CNET logo Why You Can Trust CNET

Our expert, award-winning staff selects the products we cover and rigorously researches and tests our top picks. If you buy through our links, we may get a commission. Reviews ethics statement

Delphi Roady XT (XM) review: Delphi Roady XT (XM)

Delphi Roady XT (XM)

Steve Guttenberg
Ex-movie theater projectionist Steve Guttenberg has also worked as a high-end audio salesman, and as a record producer. Steve currently reviews audio products for CNET and works as a freelance writer for Stereophile.
Steve Guttenberg
2 min read
The Delphi Roady XT is the smallest and lightest XM satellite radio you can buy. The catch is that it has a plug-and-play design and must be used with an XM boombox or a car- or home-docking station. You can purchase the radio through XM Radio's online store for $80, but it typically goes for less elsewhere after a subscription-based rebate. A $13-a-month fee is required to access XM Satellite Radio's programming.
Sirius Satellite Radio has Howard Stern, but XM's resident shock jocks, Opie and Anthony, are awfully funny and equally uncensored. (XM used to charge extra for Opie and Anthony, but the show is now free.) XM is continuously adding channels, which at last count numbered 160, including 65 commercial-free music stations. The programming choices on XM have grown more adventurous lately, and XM's music channels tend to have less DJ chatter and fewer interruptions than Sirius's.
As we mentioned earlier, the Delphi Roady XT is incredibly tiny. It measures just 3.7 inches wide, 2.25 inches high, and 0.615 inch deep, and weighs 2.8 ounces. You can choose from seven dazzling backlit colors for the large display that dominates the front panel. The front panel squeezes in useful controls, including 10 buttons for direct access to XM's channels; you can store up to 30 presets. The Roady XT comes with a car installation kit; for home use, you'll need the Delphi SA10176 Roady XT Home Kit ($50), which includes everything you need to hook up the Roady XT to an A/V receiver or any other audio system with line-in jacks or an FM radio. We had the Roady XT up and running in a matter of minutes. The miniremote is easy to use, even for clumsy-fingered listeners like us.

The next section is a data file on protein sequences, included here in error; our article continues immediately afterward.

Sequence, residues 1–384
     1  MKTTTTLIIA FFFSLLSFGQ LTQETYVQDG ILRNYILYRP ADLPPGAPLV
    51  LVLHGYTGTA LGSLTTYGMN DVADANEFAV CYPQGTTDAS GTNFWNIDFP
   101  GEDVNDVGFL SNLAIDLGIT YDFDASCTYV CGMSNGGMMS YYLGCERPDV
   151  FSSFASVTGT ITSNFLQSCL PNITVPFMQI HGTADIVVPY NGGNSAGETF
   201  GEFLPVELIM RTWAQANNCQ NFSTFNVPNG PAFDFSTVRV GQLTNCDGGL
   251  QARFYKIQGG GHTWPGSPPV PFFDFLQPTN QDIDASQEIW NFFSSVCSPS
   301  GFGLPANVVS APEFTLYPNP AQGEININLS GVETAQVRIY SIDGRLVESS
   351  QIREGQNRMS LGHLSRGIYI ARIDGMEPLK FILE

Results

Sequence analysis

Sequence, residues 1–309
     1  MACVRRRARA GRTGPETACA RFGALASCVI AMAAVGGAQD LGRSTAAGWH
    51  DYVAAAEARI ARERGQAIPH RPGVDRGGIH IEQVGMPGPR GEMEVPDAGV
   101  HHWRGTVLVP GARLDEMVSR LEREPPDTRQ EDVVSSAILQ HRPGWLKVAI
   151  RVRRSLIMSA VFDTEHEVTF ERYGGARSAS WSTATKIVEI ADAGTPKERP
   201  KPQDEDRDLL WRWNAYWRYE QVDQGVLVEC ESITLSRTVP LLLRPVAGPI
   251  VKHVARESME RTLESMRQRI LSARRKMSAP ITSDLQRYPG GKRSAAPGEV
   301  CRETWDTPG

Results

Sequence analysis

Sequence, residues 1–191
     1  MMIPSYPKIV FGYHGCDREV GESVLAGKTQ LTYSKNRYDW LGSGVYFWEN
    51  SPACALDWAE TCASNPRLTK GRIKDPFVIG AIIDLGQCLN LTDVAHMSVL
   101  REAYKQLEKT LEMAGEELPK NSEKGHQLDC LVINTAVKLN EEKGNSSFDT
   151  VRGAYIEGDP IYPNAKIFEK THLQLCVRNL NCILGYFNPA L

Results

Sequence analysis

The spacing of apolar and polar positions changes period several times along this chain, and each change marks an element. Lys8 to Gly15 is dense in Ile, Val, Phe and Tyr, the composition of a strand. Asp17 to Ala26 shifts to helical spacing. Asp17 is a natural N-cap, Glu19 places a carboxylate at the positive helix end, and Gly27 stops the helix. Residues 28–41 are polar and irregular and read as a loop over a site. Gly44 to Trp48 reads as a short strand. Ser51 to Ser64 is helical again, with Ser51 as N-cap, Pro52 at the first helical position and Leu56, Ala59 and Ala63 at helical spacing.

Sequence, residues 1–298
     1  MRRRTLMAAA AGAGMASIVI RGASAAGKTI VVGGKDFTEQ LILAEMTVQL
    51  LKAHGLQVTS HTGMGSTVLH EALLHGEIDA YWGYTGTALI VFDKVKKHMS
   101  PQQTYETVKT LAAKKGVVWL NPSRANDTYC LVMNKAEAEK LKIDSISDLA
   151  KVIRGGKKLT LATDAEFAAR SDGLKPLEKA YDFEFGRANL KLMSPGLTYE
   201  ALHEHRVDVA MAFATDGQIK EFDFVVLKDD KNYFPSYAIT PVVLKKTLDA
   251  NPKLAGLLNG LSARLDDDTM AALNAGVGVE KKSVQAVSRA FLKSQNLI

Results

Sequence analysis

The Delphi Roady XT's built-in FM transmitter can broadcast XM channels to any nearby FM radio within 15 or 20 feet. That's a nice feature, especially for cars, but at-home FM fidelity can't match that of a Roady XT wired hookup.
The Delphi Roady XT's sound quality isn't up to CD or even FM-radio standards, but in terms of stereo separation and clarity of treble detail, it was a little better than that of the Sirius SR-H550 home unit we had on hand. As tested in Brooklyn, New York, XM reception was dropout-free and dead quiet, without the background hiss that always accompanies FM radio.
XM Radio listeners can choose from a wide range of audio products, including dedicated home units such as the magnificent Polk Audio XRt12, XM-ready home-audio components such as the Denon AVR-3806, and a forthcoming line of MP3/XM portables such as the Pioneer Inno. But the Roady XT is a great choice if you need the flexible transportability of a plug-and-play XM satellite radio--one subscription, multiple listening venues--at a very affordable price.